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Build resiliency: hospital experts give tips on managing stress

Drs. Caroline Gérin-Lajoie and Kerri Ritchie

Drs. Caroline Gérin-Lajoie and Kerri Ritchie promote resiliency to help their colleagues at The Ottawa Hospital manage the stress of working in health care.

Working in health care can be incredibly rewarding, but it’s also stressful. How can you take care of yourself so that you can take care of other people?

To help their colleagues at The Ottawa Hospital manage that stress, Drs. Caroline Gérin-Lajoie and Kerri Ritchie promote resiliency.

“A stressful day, at work or in your personal life, can leave you feeling drained and frustrated,” said Dr. Gérin-Lajoie, Psychiatrist and Medical Director for Physician Engagement, Health and Wellness. “Resiliency helps you bounce back and thrive despite adversity.”

“The secret is to practise resiliency regularly,” said Dr. Kerri Ritchie, a clinical and health psychologist who works on the Psychology Consultation Service for Inpatients. “Practising these skills every day will make it easier for you to handle emergencies and stress when they happen.”

Here are their top resiliency tips:

  1. The basics: sleep well, eat well, and exercise (as much as your schedule allows!).
  2. Be compassionate to others – and to yourself. Research has shown that compassion might stimulate the vagus nerve, which lowers your blood pressure and heart rate, and makes people feel more at ease.
  3. Gratitude. Being thankful and returning kindnesses can benefit your health. Take time to send a thank-you note, or surprise someone by paying it forward. Gratitude is contagious!
  4. Laughter triggers biological mechanisms that improve both your physical and mental health. If you’re feeling brave, Dr. Gérin-Lajoie recommends trying laughter yoga.
  5. Take time to breathe, especially during an emergency situation or a busy day. Full, deep breaths help your brain fully process information.
  6. Unplug. We constantly react to the technology around us as it beeps and vibrates for attention. Make a conscious decision when you are busy to designate specific times to check and respond to email and text messages.
  7. Restore your brain and body. When you rest, even briefly, biological mechanisms begin to restore the wear and tear your brain and body experienced during the day. Take time to do something you like every day.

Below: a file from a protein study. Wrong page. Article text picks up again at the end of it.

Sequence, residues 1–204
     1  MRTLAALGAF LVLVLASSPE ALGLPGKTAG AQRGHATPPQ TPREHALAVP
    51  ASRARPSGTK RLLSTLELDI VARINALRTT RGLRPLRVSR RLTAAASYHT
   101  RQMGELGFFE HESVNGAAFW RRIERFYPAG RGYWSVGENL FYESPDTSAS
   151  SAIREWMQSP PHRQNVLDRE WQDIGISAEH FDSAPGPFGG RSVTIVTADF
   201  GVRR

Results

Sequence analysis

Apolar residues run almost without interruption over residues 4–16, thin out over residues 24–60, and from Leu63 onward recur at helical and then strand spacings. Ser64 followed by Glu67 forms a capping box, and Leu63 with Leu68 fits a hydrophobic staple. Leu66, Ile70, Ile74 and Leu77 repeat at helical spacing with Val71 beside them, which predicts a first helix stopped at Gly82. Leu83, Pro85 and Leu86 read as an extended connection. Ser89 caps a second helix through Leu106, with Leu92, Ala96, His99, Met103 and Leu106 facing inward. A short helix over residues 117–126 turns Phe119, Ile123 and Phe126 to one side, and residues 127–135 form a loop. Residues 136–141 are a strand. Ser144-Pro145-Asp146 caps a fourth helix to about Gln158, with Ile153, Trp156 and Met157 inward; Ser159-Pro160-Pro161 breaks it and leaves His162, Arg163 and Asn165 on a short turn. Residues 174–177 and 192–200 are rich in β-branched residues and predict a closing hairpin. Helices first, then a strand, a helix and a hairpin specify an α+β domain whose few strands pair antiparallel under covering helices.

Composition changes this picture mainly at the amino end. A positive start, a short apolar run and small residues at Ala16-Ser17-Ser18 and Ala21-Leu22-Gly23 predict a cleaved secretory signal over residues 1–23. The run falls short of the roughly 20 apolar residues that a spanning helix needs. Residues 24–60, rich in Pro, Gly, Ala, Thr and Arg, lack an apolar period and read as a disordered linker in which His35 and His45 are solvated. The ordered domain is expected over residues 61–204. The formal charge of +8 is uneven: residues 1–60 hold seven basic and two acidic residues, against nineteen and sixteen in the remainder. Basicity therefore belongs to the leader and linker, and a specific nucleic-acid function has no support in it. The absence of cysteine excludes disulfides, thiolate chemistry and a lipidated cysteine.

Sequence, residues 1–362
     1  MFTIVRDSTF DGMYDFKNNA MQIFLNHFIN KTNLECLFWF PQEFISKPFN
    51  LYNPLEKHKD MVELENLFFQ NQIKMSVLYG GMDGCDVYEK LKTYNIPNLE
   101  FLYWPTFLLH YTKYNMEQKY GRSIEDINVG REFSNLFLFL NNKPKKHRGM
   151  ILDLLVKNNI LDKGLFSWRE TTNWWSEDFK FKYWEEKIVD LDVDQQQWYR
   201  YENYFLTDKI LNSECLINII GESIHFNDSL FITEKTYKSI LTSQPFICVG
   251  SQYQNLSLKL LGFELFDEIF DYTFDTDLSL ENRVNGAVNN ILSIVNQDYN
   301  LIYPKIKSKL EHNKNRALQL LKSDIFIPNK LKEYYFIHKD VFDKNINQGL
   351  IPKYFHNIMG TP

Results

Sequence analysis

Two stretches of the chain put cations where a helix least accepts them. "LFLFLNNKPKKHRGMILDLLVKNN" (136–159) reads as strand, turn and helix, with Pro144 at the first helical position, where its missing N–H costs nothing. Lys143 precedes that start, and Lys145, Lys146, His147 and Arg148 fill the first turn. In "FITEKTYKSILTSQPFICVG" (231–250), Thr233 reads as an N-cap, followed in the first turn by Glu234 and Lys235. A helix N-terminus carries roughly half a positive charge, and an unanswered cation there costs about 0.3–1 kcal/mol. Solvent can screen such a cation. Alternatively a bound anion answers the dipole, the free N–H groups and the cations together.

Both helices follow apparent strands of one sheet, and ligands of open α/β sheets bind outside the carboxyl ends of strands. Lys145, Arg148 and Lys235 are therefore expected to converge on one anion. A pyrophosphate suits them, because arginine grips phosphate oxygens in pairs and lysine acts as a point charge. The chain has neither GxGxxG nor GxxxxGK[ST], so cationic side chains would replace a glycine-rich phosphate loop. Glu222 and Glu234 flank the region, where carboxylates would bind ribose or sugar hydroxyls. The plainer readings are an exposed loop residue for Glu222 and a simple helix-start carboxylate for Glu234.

8. Positive thoughts. It’s important to acknowledge negative feelings, but spending as little as 30 seconds a day focusing on something positive or happy can change your mood. When you’re in a good mood, you’re more likely to notice the good things happening around you.
  9. Seek out awe. Feeling inspired – whether by a beautiful landscape or by an incredible person – makes you feel more connected to the people around you, and can increase your satisfaction with your life and your desire to help others. Don’t underestimate the power of goose bumps!
  10. Connect with people. Working with people you who you like and who inspire you helps you to become resilient.

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  • Joyce Schachter says:

    Awesome video! You’ve bullseyed the important points. Brava! Great job! Now to remember to do this. Thanks for this excellent and concise presentation.

  • Jocelyne McKenna says:

    Great list of tips, I especially like the fact they can all be done without leaving home, no membership required! Thanks for making it practical and real. Anyone can make these tips part of their everyday life and see positive results.

  • Nathalie Fleming says:

    How true! Thank you for taking the time to do this…

  • The Ottawa Hospital says:

    Thank you for your comments! We are glad these tips are resonating well. Take care!

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    This website gives you common facts, advice and tips. Some of it may not apply to you. Please talk to your doctor, nurse or other health-care team member to see if this information will work for you. They can also answer your questions and concerns.